François Truffaut was a great admirer of Hitchcock. His first interview with Hitchock was in 1955. At the beginning of the 60's, he's having more and more interviews with him and finally publishes a book in 1966 : "Cinema according to Hitchcock" with Helen Scott.
On his website, the illustrator Jean-Claude Claeys has published a conversation between Hitchcock and Truffaut about the MacGuffin :
- Alfred Hitchock : We have to talk about the MacGuffin !
- François Truffaut : The MacGuffin is the excuse, right ?
- A.H. : It's a trick, we call this a 'gimmick'. So, here's the whole story about it : You know that Kipling often wrote about India and British fighting against the natives on the border of Afghanistan. In most of the spy books written in this atmosphere, it was invariably stealing the plans of a fortress. That was the MacGuffin.
MacGuffin is the name we give to these kind of actions, like stealing papers, documents, secrets... It is nothing important and people shouldn't try to find the truth in the MacGuffin. In my own work, I've always thought that "papers", or "documents" or "secrets" about the fortress are extremely important for the characters, but not for me the narrator.
- F.T. : That's very interesting !
- A.H. There's a strange phenomenon every time I work for the first time with a scriptwriter. He mainly focuses on the MacGuffin, and I have to explain that it is finally not so important. Let's take a look at The 39 Steps : What are the spies looking for ? The man who's missing a finger ? The woman at the beginning, what is she looking for ? Did she get so close to a big secret that she had to be stabbed in the back in someone else's flat ?
When we built the story of The 39 Steps, we thought - obviously we were wrong - that we needed an excuse as it was a story about life and death. At this time, we thought the MacGuffin had to be huge. But the further we went into the story, the simple had to be the MacGuffin.
F.T. : Could we consider that the MacGuffin doesn't need to be serious, and even deserves to be derisory like the small song in The Lady Vanishes ?
A.H. : Definately. Finally, the MacGuffin in The 39 Steps is a mathematical formula related to the construction of an aircraft engine, but this formula didn't even exist on a paper as the spies used Mister Memory's brain to move that secret during a music-hall tour.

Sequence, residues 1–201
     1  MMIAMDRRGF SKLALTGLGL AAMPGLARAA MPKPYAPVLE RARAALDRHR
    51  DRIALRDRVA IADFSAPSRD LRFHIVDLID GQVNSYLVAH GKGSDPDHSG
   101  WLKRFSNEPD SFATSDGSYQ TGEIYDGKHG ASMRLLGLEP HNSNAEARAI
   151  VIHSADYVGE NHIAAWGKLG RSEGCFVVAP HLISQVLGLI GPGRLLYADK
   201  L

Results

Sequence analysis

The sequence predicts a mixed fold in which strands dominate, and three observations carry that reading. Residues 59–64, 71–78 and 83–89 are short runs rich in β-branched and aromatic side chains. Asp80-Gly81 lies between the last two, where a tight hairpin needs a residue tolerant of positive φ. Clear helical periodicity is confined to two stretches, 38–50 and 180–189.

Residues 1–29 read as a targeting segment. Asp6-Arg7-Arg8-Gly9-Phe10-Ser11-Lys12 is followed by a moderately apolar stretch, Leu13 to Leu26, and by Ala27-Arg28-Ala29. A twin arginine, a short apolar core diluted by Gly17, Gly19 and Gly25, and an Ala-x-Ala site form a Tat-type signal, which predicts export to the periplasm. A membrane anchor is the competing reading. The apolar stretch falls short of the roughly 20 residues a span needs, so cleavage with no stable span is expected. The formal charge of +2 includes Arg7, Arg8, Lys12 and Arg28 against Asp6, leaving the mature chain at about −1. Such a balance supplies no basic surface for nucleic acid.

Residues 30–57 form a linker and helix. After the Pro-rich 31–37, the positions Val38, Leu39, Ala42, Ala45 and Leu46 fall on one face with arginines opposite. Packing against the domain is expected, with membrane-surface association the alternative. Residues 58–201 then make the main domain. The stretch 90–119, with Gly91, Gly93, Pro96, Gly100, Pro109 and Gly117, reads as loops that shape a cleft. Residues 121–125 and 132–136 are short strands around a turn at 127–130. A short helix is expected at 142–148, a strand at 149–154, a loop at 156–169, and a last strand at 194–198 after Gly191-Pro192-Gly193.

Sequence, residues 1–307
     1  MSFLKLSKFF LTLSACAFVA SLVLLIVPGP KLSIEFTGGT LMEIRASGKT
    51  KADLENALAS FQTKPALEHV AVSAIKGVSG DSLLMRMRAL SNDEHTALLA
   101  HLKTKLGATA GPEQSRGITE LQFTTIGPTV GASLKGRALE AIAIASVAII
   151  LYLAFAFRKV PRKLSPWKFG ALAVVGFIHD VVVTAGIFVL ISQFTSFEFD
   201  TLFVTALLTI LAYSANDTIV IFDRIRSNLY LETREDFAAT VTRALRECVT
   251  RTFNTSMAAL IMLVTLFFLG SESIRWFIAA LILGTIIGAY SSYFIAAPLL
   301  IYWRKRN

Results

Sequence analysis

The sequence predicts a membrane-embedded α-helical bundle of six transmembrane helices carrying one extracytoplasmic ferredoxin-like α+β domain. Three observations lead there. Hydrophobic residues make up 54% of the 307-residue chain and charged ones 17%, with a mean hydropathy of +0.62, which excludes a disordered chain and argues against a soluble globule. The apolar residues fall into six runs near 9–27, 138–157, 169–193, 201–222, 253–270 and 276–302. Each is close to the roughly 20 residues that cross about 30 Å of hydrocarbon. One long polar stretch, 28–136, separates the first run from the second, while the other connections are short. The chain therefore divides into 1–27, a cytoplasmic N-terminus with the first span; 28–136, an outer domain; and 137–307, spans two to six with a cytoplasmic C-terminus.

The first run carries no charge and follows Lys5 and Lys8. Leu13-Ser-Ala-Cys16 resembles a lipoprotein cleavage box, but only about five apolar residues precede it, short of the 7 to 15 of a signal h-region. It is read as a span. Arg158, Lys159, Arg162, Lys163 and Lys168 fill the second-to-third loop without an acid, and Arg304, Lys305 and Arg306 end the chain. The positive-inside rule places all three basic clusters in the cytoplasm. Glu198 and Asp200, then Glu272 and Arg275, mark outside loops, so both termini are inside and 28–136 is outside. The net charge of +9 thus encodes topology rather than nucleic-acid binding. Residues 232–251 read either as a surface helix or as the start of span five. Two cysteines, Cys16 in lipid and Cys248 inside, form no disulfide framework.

F.T. : In some movies, the MacGuffin is explained at the very end of the story and the spectators sometimes laugh, wisthle or criticize it. But one of your tips is to explain it at the end of the two thirds thrid quarter of your movies, so that you can avoid a concrete explanation ?
A.H. : You're right, but what I learned from the past years is the MacGuffin is nothing. I am convinced, but it is hard to persuade the others !
My best MacGuffin (and by best I mean the emptiest, the most non-existant and ridiculous) is the one in North By Northwest. It's a spy movie and the only question of the scenario is : "What are these spies seeking ?". Now, during the scene on the Chicago airfield, the man from the C.I.A. explains everything to Cary Grant about James Mason :
- What is that man doing ?
- Let's consider he's in import-export of State secrets.
- But what does he sell ?
- Oh... Just secrets related to governments.
The MacGuffin is reduced to its purest form : nothing.
F.T. : Nothing concrete, as this clearly proves you are very aware of what you do and you perfectly dominate your work. These kind of movies led some critics like : "Hitchcock has nothing to say". But I guess the only answer should be : "A film maker has nothing to say, it has to show".
A.H. : Exactly !